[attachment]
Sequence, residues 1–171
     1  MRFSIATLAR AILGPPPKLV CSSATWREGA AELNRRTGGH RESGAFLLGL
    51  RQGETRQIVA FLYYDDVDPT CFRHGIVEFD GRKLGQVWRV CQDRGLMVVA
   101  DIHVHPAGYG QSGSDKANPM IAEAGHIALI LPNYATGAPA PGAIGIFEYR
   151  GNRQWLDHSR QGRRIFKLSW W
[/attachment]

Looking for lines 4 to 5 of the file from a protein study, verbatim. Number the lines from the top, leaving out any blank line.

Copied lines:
   101  DIHVHPAGYG QSGSDKANPM IAEAGHIALI LPNYATGAPA PGAIGIFEYR
   151  GNRQWLDHSR QGRRIFKLSW W